Liveblog: Run-Off Elections 2012
10:33 p.m.: With 76 percent of precincts reporting, former state judge and wingnut John Devine appears likely to oust incumbent David Medina for a seat on the Texas Supreme Court. There is no Democratic candidate. So tonight’s winner—and that seems to be Devine—will win the seat on the state’s highest civil court.
Devine is truly a radical jurist. We outlined the Medina-Devine race in detail here, but the highlights are thus:
—When Houston lawyers were surveyed about candidates this year by the Bar Association, more than two thirds said John Devine was “not qualified” to be a Texas Supreme Court justice.
—When Devine ran for judge in 1994, the Houston Press said he would be an “ayatollah on the bench” because of his extreme pro-life stance. Devine has been arrested repeatedly (at least three times, although he has claimed 37) at protests outside abortion clinics, and his wife carried their seventh child to term despite the fact that the child would not survive and the pregnancy could have killed her.
—In 2004, when Devine ran for U.S. Congress (one of many races he’s lost over the years) he filled out a survey for FreeRepublic.com that’s still available online. In answer to the question, “What role should the Federal judiciary play and how would you ensure judges stay within that role?” Devine said that Congress could control judicial activism by “cutting off the funding of misbehaving courts and jurists.”
Devine added, “Lastly Congress can and should limit the appellate jurisdiction that the Supreme Court has over subject matter issues. Congress can, by simple majority vote, state that the subject matter of a particular bill is not within the jurisdiction of the Supreme Court or other federal courts.”
You won’t hear many judges saying that kind of thing.
For his extremism, Devine was the tea party pick this year and probably rode the wave of Cruz’s turnout. Devine and Medina both avoid press, but Devine got most of his attention in the wider world during this election cycle for allegedly saying he was challenging Medina because he had a Hispanic name and would be easier to beat. Medina’s name may have had something to do with Devine’s win. There have been several examples of Texas Republican primary voters ousting incumbents with Hispanic names in down-ballot races they know little about. Devine’s win may be another example.
Whatever the reason, Texas is about to get perhaps its most right-wing Supreme Court justice. — Emily DePrang
9:18 p.m.: I will renege on my promise below, and engage in this one bit of facile analysis: Texas Parent PAC and other pro-public education groups had a so-so time of it on May 29, when many school-watchers had been expecting an uprising of angry parents responding to last year’s school budget cuts. Tonight, though, their voters showed up bigtime. On this strange election date, carried by the fired-up few who actually bothered to show up at the polls, candidates backed by education groups are doing well.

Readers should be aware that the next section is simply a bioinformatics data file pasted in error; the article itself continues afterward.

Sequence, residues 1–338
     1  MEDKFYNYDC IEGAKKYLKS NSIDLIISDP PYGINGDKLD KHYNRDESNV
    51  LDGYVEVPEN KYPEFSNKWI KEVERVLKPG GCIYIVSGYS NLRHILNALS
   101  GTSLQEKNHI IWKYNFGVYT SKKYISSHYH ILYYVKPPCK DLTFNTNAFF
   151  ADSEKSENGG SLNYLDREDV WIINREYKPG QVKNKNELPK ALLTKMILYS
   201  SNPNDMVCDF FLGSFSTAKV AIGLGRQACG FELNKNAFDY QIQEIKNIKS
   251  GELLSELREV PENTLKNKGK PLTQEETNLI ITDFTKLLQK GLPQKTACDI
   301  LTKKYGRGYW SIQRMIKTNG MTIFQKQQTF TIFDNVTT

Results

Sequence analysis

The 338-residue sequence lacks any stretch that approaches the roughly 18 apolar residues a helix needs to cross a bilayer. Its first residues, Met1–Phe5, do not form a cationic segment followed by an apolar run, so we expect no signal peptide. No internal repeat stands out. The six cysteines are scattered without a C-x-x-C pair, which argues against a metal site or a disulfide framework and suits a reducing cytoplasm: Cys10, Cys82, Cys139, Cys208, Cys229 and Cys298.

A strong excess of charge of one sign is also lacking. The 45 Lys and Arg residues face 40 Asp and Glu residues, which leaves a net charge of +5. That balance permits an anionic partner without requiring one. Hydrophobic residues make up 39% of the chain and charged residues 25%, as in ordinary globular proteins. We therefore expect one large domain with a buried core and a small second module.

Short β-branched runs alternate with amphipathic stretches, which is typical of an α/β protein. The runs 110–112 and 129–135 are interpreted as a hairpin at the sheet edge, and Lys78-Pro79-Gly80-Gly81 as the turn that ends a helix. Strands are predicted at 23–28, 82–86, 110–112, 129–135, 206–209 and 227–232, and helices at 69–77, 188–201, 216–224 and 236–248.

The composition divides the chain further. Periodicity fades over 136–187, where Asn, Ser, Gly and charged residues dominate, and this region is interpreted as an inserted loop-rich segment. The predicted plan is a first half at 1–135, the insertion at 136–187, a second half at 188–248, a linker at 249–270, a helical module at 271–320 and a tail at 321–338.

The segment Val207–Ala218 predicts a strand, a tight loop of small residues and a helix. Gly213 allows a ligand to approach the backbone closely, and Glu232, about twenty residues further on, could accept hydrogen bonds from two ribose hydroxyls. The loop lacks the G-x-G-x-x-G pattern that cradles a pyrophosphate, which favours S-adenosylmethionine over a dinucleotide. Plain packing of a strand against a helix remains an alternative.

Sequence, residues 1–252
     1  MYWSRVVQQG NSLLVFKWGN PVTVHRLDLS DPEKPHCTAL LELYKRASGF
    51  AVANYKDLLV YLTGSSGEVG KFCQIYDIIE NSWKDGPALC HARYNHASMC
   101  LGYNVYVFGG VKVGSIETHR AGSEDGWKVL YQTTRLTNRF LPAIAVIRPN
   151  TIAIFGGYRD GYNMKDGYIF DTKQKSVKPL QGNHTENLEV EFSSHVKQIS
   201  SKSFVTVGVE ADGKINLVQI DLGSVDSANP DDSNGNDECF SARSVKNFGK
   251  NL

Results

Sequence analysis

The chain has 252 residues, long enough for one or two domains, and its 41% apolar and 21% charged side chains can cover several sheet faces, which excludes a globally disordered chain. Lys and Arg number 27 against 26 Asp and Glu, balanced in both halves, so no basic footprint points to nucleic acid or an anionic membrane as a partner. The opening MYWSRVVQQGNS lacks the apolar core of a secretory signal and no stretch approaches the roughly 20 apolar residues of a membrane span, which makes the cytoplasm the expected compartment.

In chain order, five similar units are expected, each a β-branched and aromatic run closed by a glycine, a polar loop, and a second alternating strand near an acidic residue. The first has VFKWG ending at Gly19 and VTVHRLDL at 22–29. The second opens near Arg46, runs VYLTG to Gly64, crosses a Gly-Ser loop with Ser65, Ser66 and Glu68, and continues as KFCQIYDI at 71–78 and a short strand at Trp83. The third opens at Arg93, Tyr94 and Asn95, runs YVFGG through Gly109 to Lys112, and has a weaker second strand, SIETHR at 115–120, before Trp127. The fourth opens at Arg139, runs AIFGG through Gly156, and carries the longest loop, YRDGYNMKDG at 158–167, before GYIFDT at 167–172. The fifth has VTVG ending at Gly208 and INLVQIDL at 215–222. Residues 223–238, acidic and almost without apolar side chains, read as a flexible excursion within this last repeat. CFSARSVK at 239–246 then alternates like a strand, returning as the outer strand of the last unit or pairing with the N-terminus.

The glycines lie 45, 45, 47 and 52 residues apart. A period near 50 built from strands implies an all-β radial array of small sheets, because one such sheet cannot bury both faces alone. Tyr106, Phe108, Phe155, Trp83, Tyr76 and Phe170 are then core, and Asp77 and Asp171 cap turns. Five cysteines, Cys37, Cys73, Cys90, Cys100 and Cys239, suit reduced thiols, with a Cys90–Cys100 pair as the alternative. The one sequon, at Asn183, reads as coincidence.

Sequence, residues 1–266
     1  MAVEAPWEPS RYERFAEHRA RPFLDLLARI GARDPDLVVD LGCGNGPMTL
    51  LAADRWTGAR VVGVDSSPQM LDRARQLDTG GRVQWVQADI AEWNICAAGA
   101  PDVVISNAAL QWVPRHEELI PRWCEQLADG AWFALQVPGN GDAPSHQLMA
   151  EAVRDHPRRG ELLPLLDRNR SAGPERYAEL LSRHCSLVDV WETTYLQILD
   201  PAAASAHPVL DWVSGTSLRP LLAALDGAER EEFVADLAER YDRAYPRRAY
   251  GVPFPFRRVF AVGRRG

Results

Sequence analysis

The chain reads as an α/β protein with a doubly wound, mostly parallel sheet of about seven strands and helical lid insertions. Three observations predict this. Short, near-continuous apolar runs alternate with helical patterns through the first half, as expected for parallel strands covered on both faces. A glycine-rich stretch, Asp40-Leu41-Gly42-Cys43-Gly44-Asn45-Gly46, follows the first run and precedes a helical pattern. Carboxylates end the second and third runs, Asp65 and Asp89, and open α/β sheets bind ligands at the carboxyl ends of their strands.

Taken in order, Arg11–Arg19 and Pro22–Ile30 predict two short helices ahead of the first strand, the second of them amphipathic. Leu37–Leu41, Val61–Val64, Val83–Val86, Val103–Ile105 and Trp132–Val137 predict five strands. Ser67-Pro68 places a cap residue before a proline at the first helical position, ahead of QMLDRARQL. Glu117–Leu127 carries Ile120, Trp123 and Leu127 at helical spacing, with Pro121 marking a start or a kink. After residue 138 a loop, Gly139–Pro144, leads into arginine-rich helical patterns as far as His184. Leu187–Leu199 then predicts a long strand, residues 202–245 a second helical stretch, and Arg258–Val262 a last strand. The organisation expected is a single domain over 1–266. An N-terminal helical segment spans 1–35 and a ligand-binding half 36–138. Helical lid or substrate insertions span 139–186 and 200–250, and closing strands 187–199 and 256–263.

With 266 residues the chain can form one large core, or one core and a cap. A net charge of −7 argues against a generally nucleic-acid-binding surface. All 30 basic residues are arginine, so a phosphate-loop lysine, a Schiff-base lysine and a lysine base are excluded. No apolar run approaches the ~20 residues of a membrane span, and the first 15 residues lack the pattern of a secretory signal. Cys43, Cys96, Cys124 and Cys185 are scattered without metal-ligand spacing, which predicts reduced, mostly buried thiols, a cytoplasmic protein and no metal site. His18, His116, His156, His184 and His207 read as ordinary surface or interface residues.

I wrote here about how Sid Miller’s education and health care record—and not his high profile sonogram law—might do him in tonight against Gatesville doctor J.D. Sheffield. Sure enough, Sheffield’s up 56-44 with upwards of 80 percent of the vote in.
Ken King, another guy with public ed support, has managed to oust Jim Landtroop tonight, and Parent PAC-endorsed Greg Bonnen easily won his race to become the second Bonnen in the Texas House. Bennett Ratliff leads 54 to 46 percent in his suburban Dallas race against Steve Nguyen, with just under one third of the vote in. Ratliff, too, is a Republican with the Parent PAC seal of approval.
Trent McKnight, vilified in his runoff campaign as a low-down tax-raiser—for suggesting there might be a problem with how Texas raises money for its schools—has a narrow lead of 150 votes, with three-quarters of the precincts reporting in his West Texas race with Drew Springer. — Patrick Michels
8:28 p.m.: The Typical. Washington. Lawyer. has done it tonight, folks—Twitter is lighting up with analysis of what Ted Cruz’s win-in-progress means for high-ranking Republicans in the state, because AP and the Tribune both called the race for him two minutes ago. Dave already used the phrase “facile analysis” below, so I’ll save you mine. But it’s 54-46 Cruz over Dew with just over one-fifth of the precincts reporting. It means the end of those red screen/blue screen Dewhurst ads that have all over the NBC Olympic coverage, and boy will things be awkward up there in the Senate next session—another tea party wave that’s elected a bunch of new conservative Senators, and kept the Lite Guv right where he’s been all along, presiding over them. —Patrick Michels